SEA Currents: c259
When I was 18, I received my first cell phone. It was a fairly basic flip phone, but it had the essentials - you could actually call someone (lame), or text them (cool), which meant mashing at least a thousand buttons to spell out one medium-sized and predominantly misspelled sentence. “C u l8er” became a perfectly acceptable thing to say, and every self respecting purveyor of the English language collectively threw up. These were dark days.
Saratoga newspaper profiles hometown SEA Semester student
SEA Semester® in the News: “So Much To Sea: Freeman ’17 and Schuldt ’18 Embark on Tall Ship Adventures”
Norra Reyes, Saratoga TODAY | July 17, 2015
SARATOGA SPRINGS – Elizabeth “Liz” Olson, 19, returned home to Saratoga Springs earlier this month after a transformative experience sailing the high seas as part of a Marine Biodiversity and Conservation SEA semester through the Sea Education Association (SEA) in Woods Hole, Massachusetts.
University of Connecticut Highlights Spring SEA Semester Voyages
SEA Semester® in the News: “Setting Sail for Science”
by Sheila Foran, UConn Today | June 29, 2015
For some, the words ‘study abroad’ may conjure thoughts of London or Paris or Tokyo. But for three UConn marine sciences students this past spring semester, it meant taking to the high seas aboard a sailing ship equipped with sophisticated research facilities.
SEA Semester Class Unveils Sargasso Sea Management Proposal
The 20 advanced undergraduate students of this year’s Marine Biodiversity & Conservation program recently completed a high seas management proposal for the Sargasso Sea, a North Atlantic region increasingly recognized for its strong ecological importance and economic impact.
SEA Semester Students to Share High Seas Management Plan
June 4, 2015, Woods Hole, MA — What are potential next steps for protecting the Sargasso Sea, a North Atlantic region increasingly recognized for its strong ecological importance and economic impact?
Outstanding science undergraduates from top U.S. and international institutions will present original biodiversity research and a management plan for conservation of the Sargasso Sea at the fourth annual SEA Semester: Marine Biodiversity & Conservation Symposium, to be held Friday, June 12, from 9 a.m. to 5 p.m. at the Sea Education Association’s campus in Woods Hole.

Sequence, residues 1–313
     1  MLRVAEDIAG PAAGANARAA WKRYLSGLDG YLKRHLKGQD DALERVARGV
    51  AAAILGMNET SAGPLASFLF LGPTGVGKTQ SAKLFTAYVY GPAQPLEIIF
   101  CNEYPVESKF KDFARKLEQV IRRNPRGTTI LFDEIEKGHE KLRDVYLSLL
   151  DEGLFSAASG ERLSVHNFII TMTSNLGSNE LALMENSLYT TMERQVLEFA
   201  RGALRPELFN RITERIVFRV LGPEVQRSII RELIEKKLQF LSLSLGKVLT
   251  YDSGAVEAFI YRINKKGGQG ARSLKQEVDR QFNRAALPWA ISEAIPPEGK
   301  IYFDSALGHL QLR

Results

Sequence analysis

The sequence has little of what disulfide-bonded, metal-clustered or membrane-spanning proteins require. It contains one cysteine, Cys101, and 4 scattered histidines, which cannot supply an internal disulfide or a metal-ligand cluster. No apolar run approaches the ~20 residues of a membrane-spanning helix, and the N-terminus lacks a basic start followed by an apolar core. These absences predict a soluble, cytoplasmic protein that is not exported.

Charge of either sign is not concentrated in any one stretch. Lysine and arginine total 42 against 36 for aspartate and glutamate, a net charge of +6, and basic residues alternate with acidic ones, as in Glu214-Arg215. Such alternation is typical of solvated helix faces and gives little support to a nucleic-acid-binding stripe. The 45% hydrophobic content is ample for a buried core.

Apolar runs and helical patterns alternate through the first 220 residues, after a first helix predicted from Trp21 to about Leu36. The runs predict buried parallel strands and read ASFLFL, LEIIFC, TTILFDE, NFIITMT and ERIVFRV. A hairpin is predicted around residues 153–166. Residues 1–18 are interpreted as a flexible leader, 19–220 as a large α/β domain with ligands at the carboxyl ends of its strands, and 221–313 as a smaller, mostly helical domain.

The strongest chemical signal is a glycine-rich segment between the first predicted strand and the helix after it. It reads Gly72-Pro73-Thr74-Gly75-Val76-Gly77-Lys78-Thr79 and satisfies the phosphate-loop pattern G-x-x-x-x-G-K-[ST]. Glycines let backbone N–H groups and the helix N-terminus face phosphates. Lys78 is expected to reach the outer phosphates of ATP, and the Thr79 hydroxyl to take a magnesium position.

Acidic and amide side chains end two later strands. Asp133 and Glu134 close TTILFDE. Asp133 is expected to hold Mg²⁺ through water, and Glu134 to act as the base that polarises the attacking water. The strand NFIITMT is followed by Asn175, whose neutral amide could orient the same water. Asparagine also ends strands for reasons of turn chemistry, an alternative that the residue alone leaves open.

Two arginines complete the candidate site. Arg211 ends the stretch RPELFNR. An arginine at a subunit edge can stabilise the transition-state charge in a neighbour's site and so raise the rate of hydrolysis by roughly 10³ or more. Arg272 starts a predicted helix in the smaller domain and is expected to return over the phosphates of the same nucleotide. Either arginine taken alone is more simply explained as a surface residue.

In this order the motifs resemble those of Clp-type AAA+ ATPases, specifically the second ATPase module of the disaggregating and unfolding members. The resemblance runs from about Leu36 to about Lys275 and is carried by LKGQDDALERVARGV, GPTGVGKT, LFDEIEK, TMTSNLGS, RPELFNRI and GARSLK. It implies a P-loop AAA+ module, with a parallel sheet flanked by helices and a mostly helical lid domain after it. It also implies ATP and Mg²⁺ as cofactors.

What a Wonderful Day
Good evening! …Or rather, good morning!
This final blog at sea for Cramer class C-259 is being co-written by Anthony and Helena, who happened to be both the Junior Watch Officer and Junior Lab Officer in the same day. It is 0330 in the morning and we have now been up for 21 hours; we have had two standing watches since waking and, oh boy, what a wonderful day.
Am I a salty sailor yet?
Hello again, beloved landlubbers!
Several people have spoke already of the last phase of our time at sea, as we take on the roles of Junior Watch/Lab Officers (JWO/JLO)! I was the JWO for my evening watch last night, and never have I finished a watch so exhausted! Don’t be fooled by the relaxed attitudes of the mates, making it look so darn easy this whole time – commanding a ship is HARD work. There are a million things to remember and plan for and schedule and delegate, and a million corresponding ways to screw up.
Ocean Policy At Sea
As Marine Biodiversity and Conservation’s ocean policy professor, I joined the Cramer in Bermuda for some of the shore activities and to sail the second leg from Bermuda to New York. This is my first time aboard the Cramer (or any of SEA’s ships for that matter), and my first time on an ocean-going sail training ship in more years than I’d like to admit. Fortunately, my students, including Sabrina, Joe, Helena, Hannah, and Mareike, were a big help in showing me the ropes (literally!).
All of the things all of the time!
Hallo to my lovely family, frans, and foes back on land,
Kata here, bringing you the latest and greatest from the one and only S.S.V. Corwith Cramer! I have slept very little in the last 24 hours, so please forgive my silly grammatical errors and strange sentences. Since Lizzie didn’t really tell anyone about yesterday, I will try and cover two days in one sitting. This is a tale of JLO (not the one you’re thinking of), all of the lab work, and no sleep.
SEA Semester Students Profiled by Dartmouth College
SEA Semester® in the News:
“Sailing and Science in the South Pacific and the Sargasso” by Joseph Blumberg
Dartmouth Now | May 15, 2015
Two Dartmouth students have been sailing the world’s oceans aboard tall ships, modern versions of 18th-century brigantines. Christopher Dalldorf ’16 and Fredrik Eriksson ’16 enrolled in the Sea Education Association (SEA) Semester programs.